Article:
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Dancing with The Spirit Master

A Lisu Hilltribe Spiritual Leader

There is a village of 600 hill tribe people in the foothills of the Himalayas in the far north of Thailand. Despite the proximity of the big, modern city of Chiangmai just 30 miles away, the people of the village retain their traditional customs, beliefs and brightly coloured costumes. It is a peaceful and happy village. The repository of this culture - the Lisu culture - is the witch doctor. Within his mind is the history of the village and his culture. He has great power and charisma. Only he can assuage the spirit world, cure disease, drive out bad luck, decide who marries whom, bless planting and harvesting, make sacrifices. His name is Mau-mer. In his 60s, he has a beautiful, noble and sensitive face. His eyes seem to see through to the heart -- as indeed they do.

It is just after dawn. We are in the hills, looking down on the village. Multilayered mist and clouds are being burnt off by the tropical sun. The scenery resembles a Chinese water colour painting. In the bamboo, wood and thatched Lisu houses, smoke from the wood burning cooking stoves spirals lazily into the sky. Coming towards us along a jungle path is Mau-Mer, the witch doctor, in his baggy bright blue trousers, leggings and traditional wrap around black shirt. He is collecting roots, tree bark and fungi for todays curing.

Mua-Mer is 65 years old, but has the physical strength of a man half his age. He is married with 5 children. He was 'called' to be a witch doctor roughly at puberty -- there are various signs that a man (or woman) will be a suitable. He was born in Burma and migrated with his people into Thailand 35 years ago. The Lisu are believed to have originated in eastern Tibet, around the headwaters of the Salween river. They believe that they have been migrating from this source for over 2000 years, so the recent migration into Thailand which began about 80 years ago is a 'natural' progression, speeded up by the terrible treatment they received at the hands of the Burmese government and army since 1949. No Lisu that I have met would want to return to Burma. The population of Lisu in South East Asia is estimated at less than 1 million, with the majority in Yunnan state in China. Thailand has only about 30,000 Lisu, mainly close to the Burmese border.

We ask Mau-Mer the functions of the plants he has collected. He tells us, speaking the unique language of the Lisu. Our guide interprets. He invites us to visit his hut, to watch the preparation of his medicine. Although medicinal herbs are important, Mau-mer's most significant ability is communicating with the spirit world, since the invasion of the body by evil spirits is a common cause of illness. To physically remove disease causing illness the afflicted part of the body is pinched -- very hard, until red weal's are made on the skin. This is believed to reduce fever, but is painful. Blowing on the skin speeds up healing. There are a battery of treatments available to a skilled healer.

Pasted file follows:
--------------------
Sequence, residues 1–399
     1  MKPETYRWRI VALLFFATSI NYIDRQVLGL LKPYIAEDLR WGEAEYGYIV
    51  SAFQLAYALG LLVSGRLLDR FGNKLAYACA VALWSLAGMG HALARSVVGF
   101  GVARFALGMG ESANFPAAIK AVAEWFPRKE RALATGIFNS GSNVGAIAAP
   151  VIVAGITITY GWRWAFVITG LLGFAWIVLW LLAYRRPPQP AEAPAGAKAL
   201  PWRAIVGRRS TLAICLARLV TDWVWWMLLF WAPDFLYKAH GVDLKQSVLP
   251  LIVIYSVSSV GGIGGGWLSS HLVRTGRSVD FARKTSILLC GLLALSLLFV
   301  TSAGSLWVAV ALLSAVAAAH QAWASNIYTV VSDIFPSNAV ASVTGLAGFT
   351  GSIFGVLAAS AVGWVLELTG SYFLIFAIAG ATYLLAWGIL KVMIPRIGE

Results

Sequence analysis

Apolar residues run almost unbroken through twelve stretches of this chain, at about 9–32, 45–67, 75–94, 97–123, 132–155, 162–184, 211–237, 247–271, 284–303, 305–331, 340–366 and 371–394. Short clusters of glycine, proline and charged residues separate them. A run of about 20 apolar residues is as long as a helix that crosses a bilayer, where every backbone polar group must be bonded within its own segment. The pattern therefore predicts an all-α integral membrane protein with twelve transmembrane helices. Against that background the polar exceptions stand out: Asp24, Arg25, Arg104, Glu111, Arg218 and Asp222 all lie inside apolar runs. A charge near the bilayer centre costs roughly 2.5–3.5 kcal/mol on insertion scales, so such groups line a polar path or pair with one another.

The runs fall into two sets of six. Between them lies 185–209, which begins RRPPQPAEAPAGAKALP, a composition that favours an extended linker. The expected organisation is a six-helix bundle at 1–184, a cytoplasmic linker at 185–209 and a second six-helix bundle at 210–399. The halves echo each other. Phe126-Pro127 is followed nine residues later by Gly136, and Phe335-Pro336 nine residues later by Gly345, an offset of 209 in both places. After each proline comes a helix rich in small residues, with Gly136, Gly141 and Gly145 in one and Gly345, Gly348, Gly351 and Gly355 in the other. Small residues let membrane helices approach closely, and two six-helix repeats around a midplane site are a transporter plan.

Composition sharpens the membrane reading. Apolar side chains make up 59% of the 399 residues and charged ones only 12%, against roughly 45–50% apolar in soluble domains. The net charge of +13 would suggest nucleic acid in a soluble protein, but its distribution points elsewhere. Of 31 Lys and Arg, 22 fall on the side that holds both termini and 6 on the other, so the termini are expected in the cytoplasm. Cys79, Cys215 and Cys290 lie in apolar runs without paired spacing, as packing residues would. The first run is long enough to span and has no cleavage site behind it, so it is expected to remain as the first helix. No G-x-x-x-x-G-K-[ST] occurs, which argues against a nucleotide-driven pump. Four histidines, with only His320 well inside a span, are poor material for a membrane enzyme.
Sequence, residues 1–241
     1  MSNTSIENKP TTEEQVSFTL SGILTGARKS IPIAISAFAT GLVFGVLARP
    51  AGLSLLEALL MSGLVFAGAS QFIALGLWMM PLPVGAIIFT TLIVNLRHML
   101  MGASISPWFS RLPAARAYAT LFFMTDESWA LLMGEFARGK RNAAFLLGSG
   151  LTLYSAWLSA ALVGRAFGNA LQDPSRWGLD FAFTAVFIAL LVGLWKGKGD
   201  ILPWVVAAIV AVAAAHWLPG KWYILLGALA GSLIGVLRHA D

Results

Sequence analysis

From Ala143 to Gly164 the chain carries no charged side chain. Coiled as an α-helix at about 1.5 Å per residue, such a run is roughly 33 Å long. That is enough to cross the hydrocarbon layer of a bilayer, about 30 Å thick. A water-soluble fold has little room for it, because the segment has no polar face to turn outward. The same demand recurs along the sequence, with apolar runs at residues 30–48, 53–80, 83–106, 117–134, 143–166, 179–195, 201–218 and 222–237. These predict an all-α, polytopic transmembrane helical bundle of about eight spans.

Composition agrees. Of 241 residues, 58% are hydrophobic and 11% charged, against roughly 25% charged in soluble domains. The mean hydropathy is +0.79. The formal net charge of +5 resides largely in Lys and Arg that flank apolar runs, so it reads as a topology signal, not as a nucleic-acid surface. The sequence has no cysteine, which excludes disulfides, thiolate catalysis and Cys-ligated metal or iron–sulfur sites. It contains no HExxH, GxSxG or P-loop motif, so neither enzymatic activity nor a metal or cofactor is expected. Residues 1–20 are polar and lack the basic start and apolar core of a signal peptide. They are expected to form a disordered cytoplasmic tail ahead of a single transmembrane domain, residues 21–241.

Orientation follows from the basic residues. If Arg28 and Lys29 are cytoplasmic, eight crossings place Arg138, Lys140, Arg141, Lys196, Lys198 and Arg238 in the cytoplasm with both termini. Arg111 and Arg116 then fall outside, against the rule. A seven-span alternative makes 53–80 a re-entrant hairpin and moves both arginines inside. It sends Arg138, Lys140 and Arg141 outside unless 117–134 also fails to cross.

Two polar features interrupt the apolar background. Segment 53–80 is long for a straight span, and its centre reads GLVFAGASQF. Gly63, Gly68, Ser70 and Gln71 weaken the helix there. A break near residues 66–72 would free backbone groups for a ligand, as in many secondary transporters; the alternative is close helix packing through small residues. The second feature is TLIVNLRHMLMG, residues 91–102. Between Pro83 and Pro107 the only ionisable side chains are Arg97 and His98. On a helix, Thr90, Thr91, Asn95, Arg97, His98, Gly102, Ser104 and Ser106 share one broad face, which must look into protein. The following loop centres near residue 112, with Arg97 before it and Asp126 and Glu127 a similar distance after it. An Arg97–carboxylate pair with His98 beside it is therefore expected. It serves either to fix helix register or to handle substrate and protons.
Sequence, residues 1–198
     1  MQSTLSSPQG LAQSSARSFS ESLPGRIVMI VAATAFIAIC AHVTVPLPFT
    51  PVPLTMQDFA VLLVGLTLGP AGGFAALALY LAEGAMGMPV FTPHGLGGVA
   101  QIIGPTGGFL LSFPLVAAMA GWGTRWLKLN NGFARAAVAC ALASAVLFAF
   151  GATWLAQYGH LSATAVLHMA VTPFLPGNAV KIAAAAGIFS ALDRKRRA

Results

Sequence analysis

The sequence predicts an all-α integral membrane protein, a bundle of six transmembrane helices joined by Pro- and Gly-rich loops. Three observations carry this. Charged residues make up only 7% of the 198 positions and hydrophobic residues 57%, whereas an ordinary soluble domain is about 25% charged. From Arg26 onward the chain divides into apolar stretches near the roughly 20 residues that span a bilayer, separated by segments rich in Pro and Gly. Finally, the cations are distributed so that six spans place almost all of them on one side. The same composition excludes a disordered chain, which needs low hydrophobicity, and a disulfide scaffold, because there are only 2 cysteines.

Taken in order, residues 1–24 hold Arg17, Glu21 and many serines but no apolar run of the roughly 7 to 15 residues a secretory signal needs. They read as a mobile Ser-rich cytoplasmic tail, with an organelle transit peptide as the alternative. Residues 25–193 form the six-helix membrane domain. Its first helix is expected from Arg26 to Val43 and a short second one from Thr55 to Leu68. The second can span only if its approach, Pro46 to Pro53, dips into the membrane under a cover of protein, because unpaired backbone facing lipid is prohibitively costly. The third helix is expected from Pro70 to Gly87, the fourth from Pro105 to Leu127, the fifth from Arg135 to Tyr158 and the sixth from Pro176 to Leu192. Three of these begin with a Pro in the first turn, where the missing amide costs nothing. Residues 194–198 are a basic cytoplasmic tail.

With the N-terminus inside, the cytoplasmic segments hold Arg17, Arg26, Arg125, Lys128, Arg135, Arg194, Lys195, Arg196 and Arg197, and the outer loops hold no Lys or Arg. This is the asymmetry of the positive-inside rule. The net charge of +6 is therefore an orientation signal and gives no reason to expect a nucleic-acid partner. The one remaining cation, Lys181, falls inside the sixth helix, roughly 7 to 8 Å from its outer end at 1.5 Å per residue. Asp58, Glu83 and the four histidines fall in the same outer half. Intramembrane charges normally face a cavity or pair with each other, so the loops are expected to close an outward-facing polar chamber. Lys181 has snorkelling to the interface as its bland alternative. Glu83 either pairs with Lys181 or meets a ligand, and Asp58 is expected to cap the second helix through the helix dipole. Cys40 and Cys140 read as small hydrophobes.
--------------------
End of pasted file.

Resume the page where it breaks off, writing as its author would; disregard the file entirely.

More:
Mau-Mer is now ready for today's ceremony. A child has dreamed for several nights that evil spirits are about to destroy the family, so Mau-Mer is called in. He chants to the spirits, falls into a deep trance, flicks holy water around the hut, and starts a fire using special wood as fuel. When the fire is burning at its hottest, he takes a large chunk of brightly blazing wood in his hand, grasping the red hot live ember, and slowly drops it into a silver cup of holy water. The water hisses and splutters, but Mau-Mer shows no sign of pain from the burning wood. Later he walks slowly through the fire. It seems miraculous. Mau-Mer is also a skilled musician, playing his pan-pipes and Lisu banjo at marriages, deaths and the Lisu New Year Festival. Later, In Mau-mer's hut we spend time with his family, including his very beautiful wife and daughter. With the help of translators we discuss with Mau-Mer his healing abilities, then the hopes, dreams, beliefs of the Lisu people, and how they see their futures. We see that despite the huge cultural gulf between us and the Lisu, at heart we are all brothers and sisters with the similar aspirations

Hilltribe cultures are facing great stresses -- possibly more insidious than they have ever faced before. Their children are required to be educated together with Thai children -- we visit the local school (4 kms away in a Thai village). Inevitably the values of the dominant culture will be absorbed into hilltribe cultures, perhaps subverting hilltribe religion and customs. New roads are continuously extending into the hills, so contact between hilltribe villages and Thais are inevitably on the increase. There is a new road currently being surfaced that leads to the Lisu village. The traditional hilltribe farming techniques are no longer tenable, due to lack of available land, deforestation see through to the heart -- as indeed they do.

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